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Six Winter Sports That You Probably Won't See At Sochi

With the Winter Olympics just around the corner, spectators around the world are eagerly awaiting the opportunity to watch the best bobsledders, snowboarders, and even curlers compete for their countries. It's an exciting event, and one that will capture the hearts and soles of many. Sure, all the "generic" winter sports are great and all, but wouldn't it be awesome if the Winter Olympics added some variety? Check out these six winter sports that you probably won't see at this year's Winter Olympics.

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1. Snow Polo

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Snow polo, it sounds simple enough, right? It's basically just polo played on snow, right? Actually, you're completely right. Snow polo modifies the popular rich-person game of polo ever so slightly so that it's played on snow. Horses wear "shoes" in order to get better traction on the snow, and the ball used is typically larger than a traditional polo ball. While it would be a cool Olympic sport, don't expect to see snow polo at the games any time soon.

2. Snow Kayaking

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How do you make sledding more extreme? Do it in a kayak, of course. Snow kayaking is quite literally what it sounds like, kayaking in the snow. Except you're kayaking down hills. Participants typically wax their kayaks for added speed, and then use a paddle for more control. Unfortunately for snow kayakers, many ski resorts forbid it on their grounds. Still, if you find a sweet slope to snow kayak down, make sure you bring a helmet (and are willing to carry your kayak to the top of the hill).

3. Shovel Racing

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Without a ski or snowboard and looking to get down the mountain quickly? Grab a shovel! Shovel racing is a sport where the rider simply sits down on a snow shovel, with the handle of the shovel coming up between his or her legs. Just like snow kayaking, shovel racers wax the underside of the shovel in order to reach top speeds of up to 70 miles per hour!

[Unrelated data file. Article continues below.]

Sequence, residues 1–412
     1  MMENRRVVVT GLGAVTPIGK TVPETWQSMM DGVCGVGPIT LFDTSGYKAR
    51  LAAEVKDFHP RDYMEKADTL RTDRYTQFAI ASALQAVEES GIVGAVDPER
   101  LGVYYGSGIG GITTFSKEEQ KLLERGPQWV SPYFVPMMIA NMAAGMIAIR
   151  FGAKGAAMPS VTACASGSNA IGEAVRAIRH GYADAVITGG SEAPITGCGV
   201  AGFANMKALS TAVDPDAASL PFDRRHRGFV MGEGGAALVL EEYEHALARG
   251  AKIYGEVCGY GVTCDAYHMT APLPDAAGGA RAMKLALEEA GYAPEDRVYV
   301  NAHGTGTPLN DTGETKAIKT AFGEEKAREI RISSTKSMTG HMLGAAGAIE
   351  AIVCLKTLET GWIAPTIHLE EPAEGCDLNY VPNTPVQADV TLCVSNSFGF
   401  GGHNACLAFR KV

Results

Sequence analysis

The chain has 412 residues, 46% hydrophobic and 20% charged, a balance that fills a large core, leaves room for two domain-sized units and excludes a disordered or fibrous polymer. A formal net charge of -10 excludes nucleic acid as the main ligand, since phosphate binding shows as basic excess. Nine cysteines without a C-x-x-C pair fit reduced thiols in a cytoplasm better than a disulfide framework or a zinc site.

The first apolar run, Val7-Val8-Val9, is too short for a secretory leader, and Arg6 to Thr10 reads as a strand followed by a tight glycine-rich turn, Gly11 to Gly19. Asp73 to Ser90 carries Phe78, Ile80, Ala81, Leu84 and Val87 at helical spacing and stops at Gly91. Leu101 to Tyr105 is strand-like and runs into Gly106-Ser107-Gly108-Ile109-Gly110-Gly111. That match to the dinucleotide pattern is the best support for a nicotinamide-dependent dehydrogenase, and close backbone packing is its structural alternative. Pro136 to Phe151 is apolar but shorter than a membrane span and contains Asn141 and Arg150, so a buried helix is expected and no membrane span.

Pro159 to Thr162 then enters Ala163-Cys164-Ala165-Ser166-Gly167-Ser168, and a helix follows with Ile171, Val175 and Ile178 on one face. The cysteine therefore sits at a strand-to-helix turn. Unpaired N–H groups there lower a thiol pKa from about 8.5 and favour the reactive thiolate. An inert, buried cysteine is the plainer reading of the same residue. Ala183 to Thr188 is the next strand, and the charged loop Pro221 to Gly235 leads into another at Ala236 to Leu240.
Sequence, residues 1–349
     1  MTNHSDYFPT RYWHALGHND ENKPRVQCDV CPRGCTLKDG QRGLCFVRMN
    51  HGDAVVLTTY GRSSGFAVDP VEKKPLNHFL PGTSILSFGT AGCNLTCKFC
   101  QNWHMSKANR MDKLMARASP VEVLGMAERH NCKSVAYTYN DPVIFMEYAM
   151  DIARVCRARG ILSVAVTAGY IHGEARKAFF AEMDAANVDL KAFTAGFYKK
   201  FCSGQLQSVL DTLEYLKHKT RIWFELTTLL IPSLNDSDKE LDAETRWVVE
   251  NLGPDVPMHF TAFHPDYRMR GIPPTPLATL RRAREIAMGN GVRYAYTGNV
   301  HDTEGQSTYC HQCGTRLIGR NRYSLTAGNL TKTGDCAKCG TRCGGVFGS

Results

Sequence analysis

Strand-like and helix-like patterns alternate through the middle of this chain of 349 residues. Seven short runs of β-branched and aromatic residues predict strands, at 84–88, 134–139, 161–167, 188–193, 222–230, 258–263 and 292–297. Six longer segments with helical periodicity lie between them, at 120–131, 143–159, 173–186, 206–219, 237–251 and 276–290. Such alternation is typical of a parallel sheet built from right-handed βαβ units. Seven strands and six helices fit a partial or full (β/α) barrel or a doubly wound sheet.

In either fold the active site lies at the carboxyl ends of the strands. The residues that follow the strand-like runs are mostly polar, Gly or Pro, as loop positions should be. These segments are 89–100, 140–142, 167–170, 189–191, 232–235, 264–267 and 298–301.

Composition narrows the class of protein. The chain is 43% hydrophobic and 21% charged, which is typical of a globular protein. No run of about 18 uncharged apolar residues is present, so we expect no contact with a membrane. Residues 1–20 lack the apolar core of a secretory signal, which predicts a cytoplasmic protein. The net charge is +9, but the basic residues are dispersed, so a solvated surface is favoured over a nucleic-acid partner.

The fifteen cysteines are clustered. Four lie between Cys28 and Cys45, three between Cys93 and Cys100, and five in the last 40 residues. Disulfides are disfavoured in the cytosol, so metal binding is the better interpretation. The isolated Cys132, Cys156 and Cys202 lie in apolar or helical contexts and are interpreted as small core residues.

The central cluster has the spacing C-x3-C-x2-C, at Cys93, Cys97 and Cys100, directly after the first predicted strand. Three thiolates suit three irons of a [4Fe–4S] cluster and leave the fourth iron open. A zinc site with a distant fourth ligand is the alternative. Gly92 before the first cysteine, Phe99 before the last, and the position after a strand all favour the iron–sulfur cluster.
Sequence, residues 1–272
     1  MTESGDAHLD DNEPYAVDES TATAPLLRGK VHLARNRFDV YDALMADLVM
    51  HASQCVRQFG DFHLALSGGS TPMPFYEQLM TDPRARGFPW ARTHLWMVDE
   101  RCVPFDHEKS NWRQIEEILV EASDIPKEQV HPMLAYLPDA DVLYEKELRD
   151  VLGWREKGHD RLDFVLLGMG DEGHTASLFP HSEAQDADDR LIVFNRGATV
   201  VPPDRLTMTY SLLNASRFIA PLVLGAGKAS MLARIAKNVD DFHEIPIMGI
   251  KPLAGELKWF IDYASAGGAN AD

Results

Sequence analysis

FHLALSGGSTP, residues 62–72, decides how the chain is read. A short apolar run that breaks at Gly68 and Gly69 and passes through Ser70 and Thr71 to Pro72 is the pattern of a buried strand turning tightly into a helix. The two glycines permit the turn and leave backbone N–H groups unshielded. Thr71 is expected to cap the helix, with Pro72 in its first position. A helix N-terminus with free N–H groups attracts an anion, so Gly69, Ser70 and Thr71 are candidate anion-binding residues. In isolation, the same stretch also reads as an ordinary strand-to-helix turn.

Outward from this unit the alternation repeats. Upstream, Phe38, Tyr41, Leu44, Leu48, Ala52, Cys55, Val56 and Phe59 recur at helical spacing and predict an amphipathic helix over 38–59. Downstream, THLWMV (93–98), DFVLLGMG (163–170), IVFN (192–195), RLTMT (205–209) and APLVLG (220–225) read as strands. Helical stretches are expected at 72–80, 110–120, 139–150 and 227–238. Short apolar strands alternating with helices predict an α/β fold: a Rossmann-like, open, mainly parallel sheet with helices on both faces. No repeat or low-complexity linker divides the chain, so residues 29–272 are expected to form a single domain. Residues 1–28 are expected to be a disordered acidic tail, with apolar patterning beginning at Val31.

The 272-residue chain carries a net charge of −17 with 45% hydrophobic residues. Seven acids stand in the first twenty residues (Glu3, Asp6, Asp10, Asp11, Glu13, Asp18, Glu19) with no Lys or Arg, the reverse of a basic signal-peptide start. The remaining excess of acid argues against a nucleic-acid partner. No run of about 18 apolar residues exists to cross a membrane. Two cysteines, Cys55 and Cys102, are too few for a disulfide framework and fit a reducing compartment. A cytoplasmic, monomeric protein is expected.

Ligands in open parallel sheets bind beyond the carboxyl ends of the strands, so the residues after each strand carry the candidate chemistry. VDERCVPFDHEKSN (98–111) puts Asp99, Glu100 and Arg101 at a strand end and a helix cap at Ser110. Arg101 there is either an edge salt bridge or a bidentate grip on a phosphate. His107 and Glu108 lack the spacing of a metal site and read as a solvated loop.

4. Wok Racing

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You may have just read the title of this winter "sport' and instantly thought to yourself "okay, that's enough for me." Yes, wok racing is a real thing. Similar to shovel racing, participants sit on modified Chinese woks and fly down bobsled tracks at breakneck speeds. Developed and popularized by a German TV host, wok racing is now even an international sport! Make sure you scrape off all the burnt vegetables before taking your wok for a run, though.

5. Polar Bear Plunge

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While not exactly a sport per se, polar plunges have always been a popular way of, well, celebrating the cold. As the temperatures begin to drop each winter, crazy people all over the globe jump into freezing cold water for nothing more than bragging rights. Polar bear plunges take place pretty much wherever it's cold and there is water, and typically a lot of people jump into the water at once. It's not for the faint of heart, and not really a competition, but it is cold, and wintery.

6. Skijoring

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While most of these odd winter sports have relatively simple names, skijoring is the exception. Skijoring is actually quite simple to explain; it's basically water skiing, except on snow, and instead of a boat you use a horse. Simple, right? While you won't be downhill skiing behind a horse, skijoring does allow you to go off cool jumps and between obstacles. Skijoring isn't for everyone, as it requires that you choose the right ski, as well as, um, have a horse. It actually started with skis behind sled dogs, and while nowadays many people still use dogs, many people use horses too.

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